Red Steagall Cowboy Gathering Marks Opening Weekend of Holiday Book Sales!

Why would I want to take The Smart Woman’s Guide to Midlife Horses to Red Steagall’s Cowboy Gathering? Well, for one thing, it’s a fantastically well-attended annual event held in the Fort Worth Stockyards each fall to celebrate and perpetuate a deep and genuine love of the Western lifestyle. From a cutting to a ranch rodeo, to a 4-day trail ride culminating in a legendary chuckwagon cook-off (and one for the youth), horsemanship clinics, all kinds of cowboy poetry and music, youth fiddling and poetry contests and a dazzling array of high-end western-themed products from art to jewelry to apparel to home décor and specialized tack and trail riding and horse camping accoutrements in its chi chi Traders Alley, it just made good sense to me to get out there and mingle with the cowfolk and introduce them to my book.

And cowboys, it turns out, sometimes have cowgirls on their holiday gift list. And more often than not, now that they’ve raised their kids and have a little more time on their hands, momma’s getting back into horses in a very big way — and a few of the women I talked to, after following hubby and kids to rodeos and ropings and cuttings for the past 20 years have now decided it’s their turn at the good stuff at last.

So much fun to see my friend and Spa Sister, Gail Steagall and her delightful husband, Red, at their fantastic annual Cowboy Gathering.

After a few dozen of these conversations, I realized the Red Steagall Cowboy Gathering marked my official kick off of the holiday gift season.  Now I’ve grown up knowing when opening day of dove season and quail season (and sometimes even deer season) was, but I never realized there was an opening day of gift season! What also struck me as funny is how the fellas tended to circle our book booth at first, glancing at the book and the big-ass banner, and then showing, if not complete disinterest (no one actually yawned, but it wouldn’t have surprised me), outright disdain. These are people, after all, who already know everything they think this book’s about. This discouraged me at first. And made me wonder where the beer stand was.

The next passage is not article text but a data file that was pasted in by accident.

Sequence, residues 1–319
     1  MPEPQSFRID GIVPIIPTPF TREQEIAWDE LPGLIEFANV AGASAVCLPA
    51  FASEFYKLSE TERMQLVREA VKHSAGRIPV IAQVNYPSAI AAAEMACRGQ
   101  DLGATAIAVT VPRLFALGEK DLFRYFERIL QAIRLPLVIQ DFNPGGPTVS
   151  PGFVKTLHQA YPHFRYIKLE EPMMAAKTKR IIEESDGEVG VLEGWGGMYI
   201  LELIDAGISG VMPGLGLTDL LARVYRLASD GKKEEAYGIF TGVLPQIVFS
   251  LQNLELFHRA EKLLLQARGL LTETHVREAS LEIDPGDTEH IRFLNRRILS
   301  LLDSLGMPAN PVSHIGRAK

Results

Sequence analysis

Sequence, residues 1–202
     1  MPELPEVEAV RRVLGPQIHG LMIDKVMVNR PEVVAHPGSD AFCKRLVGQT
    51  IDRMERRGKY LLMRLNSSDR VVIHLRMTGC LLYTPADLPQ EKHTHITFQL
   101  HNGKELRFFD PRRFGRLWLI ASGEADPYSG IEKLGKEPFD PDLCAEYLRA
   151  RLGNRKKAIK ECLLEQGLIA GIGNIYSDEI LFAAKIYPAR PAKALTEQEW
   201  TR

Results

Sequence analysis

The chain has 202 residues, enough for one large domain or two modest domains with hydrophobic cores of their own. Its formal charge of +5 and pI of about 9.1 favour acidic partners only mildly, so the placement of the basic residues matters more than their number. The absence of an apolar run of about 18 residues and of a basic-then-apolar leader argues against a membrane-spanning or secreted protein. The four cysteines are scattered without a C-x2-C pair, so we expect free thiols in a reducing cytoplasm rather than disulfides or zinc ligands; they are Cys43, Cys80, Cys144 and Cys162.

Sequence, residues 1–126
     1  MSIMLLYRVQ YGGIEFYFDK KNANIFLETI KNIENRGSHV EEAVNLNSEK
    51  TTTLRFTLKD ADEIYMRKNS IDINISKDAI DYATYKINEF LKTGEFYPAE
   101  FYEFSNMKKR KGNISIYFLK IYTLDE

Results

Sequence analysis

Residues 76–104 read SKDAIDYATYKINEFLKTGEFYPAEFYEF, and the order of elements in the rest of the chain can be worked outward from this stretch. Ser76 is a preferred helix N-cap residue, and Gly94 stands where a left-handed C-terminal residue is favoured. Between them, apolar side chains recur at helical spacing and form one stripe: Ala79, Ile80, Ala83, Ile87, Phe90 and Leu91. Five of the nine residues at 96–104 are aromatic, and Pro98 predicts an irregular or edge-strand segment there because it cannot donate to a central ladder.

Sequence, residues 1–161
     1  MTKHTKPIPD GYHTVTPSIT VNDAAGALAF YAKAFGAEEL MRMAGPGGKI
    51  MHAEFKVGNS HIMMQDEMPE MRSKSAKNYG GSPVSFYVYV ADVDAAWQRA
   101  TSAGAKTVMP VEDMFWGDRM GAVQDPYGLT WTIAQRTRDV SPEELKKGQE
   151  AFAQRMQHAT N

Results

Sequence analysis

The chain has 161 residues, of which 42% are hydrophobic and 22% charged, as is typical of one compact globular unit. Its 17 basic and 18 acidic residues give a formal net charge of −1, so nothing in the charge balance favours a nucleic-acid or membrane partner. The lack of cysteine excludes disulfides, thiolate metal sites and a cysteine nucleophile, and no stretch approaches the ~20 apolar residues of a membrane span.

Then, about the third time this happened, I started to notice a pattern. They circled again. Sometimes with the little missus (or sweetie pie who probably preferred not to think of herself as middle aged) along. If she stopped to look, the fella stopped too, still looking a little bored, but maybe reading a little over her shoulder as she flips through it; he’s still generally smirky about the whole thing. Then she puts it down and they both walk away.

Then, a strange thing happened. And it happened enough times to teach me to wait for it.

One member of these circling couples usually came back and bought the book. It was always autographed to someone else, and some of them bought more than one. This book, it turns out, makes a perfect gift for someone else. You know why? It is chock full of all kinds of information that even the most seasoned and accomplished horse people from several disciplines have marveled that even they found some useful stuff in there they didn’t know or hadn’t thought of that way before.

But horse people are funny. And sometimes kind of stuck in their ways. They know what they think they need to know and they are often skeptical of what other people think they need to know. So they don’t need this book. But after giving it a look, they usually know someone who does. (I’d love to know how many of these folks read it before they give it away. If you’re one of those, let me hear from you. I promise not to rat you out. And if you’d like, I’ll even send you your very own copy in a plain brown wrapper as a thank you)